Essays on medicine

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Henry Turner & Company, 1874 - 809 pages
 

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Page 307 - For the wit and mind of man, if it work upon matter, which is the contemplation of the creatures of God, worketh according to the stuff, and is limited thereby ; but if it work upon itself, as the spider worketh his web, then it is endless, and brings forth indeed cobwebs of learning, admirable for the fineness of thread and work, but of no substance or profit.
Page 183 - We are to admit no more causes of natural things than such as are both true and sufficient to explain their appearances. To this purpose the philosophers say that Nature does nothing in vain, and more is in vain when less will serve; for Nature is pleased with simplicity, and affects not the pomp of superfluous causes.
Page 253 - The heart of the wise is in the house of mourning; but the heart of fools is in the house of mirth.
Page 260 - ... by my direction ; the clouds, at my call, have poured their waters, and the Nile has overflowed at my command ; I have restrained the rage of the dog-star, and mitigated the fervours of the crab. The winds alone, of all the elemental powers, have hitherto refused my authority, and multitudes have perished by equinoctial tempests which I found myself unable to prohibit or restrain.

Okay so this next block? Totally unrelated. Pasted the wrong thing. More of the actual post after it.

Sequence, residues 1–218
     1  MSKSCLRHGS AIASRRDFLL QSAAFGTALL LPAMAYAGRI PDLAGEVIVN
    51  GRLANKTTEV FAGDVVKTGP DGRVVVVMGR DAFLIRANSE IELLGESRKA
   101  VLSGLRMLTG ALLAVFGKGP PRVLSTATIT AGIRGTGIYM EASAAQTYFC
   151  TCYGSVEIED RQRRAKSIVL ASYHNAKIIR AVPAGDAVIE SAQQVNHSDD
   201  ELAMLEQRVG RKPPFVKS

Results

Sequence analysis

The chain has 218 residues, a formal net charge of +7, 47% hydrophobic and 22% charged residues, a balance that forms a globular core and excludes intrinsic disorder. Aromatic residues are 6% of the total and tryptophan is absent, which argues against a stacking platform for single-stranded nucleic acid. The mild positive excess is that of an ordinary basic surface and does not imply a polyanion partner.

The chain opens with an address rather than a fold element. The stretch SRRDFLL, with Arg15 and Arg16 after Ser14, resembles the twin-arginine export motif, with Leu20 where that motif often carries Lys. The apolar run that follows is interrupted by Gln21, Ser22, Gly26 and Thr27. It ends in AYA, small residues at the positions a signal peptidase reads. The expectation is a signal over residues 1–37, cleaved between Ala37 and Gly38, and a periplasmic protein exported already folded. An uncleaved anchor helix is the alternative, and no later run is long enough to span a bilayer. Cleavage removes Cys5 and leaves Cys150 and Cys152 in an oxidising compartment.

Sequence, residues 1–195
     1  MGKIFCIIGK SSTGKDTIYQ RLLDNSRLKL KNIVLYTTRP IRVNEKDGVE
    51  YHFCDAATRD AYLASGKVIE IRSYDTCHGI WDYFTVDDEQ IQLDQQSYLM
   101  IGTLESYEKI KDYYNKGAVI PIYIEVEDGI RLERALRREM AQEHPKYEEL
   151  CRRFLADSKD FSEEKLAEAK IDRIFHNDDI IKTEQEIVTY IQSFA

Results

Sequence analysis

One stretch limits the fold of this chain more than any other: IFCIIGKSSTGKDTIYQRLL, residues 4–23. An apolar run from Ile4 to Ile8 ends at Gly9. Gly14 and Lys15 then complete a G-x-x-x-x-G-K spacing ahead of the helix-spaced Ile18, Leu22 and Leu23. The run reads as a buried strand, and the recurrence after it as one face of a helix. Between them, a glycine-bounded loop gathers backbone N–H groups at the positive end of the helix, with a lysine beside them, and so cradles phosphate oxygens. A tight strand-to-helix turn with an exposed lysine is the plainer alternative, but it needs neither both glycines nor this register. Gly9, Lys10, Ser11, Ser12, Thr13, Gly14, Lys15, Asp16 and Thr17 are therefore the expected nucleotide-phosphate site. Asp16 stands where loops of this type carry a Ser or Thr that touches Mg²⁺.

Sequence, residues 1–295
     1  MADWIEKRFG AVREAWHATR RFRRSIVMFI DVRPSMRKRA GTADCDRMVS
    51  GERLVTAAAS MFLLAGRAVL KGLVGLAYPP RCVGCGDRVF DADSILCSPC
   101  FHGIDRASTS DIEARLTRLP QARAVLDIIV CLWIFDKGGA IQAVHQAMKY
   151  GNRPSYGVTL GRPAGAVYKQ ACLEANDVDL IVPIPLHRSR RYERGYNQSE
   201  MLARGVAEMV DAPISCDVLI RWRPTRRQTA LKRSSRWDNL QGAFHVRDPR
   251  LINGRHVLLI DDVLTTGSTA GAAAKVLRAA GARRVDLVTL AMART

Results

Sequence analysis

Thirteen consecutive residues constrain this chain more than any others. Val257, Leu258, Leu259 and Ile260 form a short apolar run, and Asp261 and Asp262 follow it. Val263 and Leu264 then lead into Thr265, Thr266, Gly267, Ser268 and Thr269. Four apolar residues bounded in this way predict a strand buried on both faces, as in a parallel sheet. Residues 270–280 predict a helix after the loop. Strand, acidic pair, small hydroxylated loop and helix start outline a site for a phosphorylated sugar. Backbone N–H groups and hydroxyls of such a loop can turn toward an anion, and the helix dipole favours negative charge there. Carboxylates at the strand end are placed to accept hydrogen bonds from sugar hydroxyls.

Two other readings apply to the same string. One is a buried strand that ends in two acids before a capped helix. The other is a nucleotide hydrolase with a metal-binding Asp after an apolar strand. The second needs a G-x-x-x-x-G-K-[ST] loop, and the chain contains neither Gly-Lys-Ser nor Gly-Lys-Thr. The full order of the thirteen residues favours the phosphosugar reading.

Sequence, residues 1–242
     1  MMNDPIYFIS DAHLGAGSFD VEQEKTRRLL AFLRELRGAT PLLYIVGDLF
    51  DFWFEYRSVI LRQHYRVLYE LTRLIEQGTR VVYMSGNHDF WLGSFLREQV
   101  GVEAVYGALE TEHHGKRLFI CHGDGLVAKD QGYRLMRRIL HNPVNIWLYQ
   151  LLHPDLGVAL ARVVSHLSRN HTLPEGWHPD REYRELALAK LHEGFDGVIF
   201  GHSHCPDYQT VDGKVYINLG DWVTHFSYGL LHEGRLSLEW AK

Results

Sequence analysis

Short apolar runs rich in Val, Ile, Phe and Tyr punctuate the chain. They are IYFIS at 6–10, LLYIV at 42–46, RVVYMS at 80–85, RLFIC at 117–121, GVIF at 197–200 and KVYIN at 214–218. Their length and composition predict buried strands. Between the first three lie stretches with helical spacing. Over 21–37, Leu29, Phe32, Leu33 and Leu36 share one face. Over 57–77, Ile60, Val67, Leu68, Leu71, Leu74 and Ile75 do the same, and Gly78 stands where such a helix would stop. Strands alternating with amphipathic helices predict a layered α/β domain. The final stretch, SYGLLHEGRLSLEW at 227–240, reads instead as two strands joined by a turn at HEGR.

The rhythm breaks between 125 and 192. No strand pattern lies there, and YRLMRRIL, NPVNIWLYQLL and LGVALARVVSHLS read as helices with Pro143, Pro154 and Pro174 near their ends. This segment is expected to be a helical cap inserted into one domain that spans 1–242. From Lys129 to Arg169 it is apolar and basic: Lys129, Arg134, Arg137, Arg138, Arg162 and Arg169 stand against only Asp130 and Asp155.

Page 67 - If, in the third place, we look into the profession of physic, we shall find a most formidable body of men. The sight of them is enough to make a man serious, for we may lay it down as a maxim, that when a nation abounds in physicians it grows thin of people.
Page 68 - This body of men, in our own country, may be described like the British army in Caesar's time : some of them slay in chariots, and some on foot. If the infantry do less execution than the charioteers, it is because they cannot be carried so soon into all quarters of the town, and dispatch so much business in so short a time.
Page 256 - And to us it is enough that gravity does really exist, and act according to the laws which we have explained, and abundantly serves to account for all the motions of the celestial bodies, and of our sea.
Page 1 - The philosopher should be a man willing to listen to every suggestion, but determined to judge for himself. He should not be biased by appearances ; have no favorite hypothesis ; be of no school ; and in doctrine have no master. He should not be a respecter of persons, but of things. Truth should be his primary object. If to these qualities be added industry, he may indeed hope to walk within the veil of the temple of nature.
Page 67 - Temple is very much puzzled to find out a reason why the northern hive, as he calls it, does not send out such prodigious swarms, and overrun the world with Goths and Vandals, as it did formerly ; but had that excellent author observed that there were no students in...
Page 247 - Mais, sur toute chose, ce qui me plaît en lui, et en quoi il suit mon exemple, c'est qu'il s'attache aveuglément aux opinions de nos anciens, et que jamais il n'a voulu comprendre ni écouter les raisons et les expériences des prétendues découvertes de notre siècle, touchant la circulation du sang, et autres opinions de même farine.

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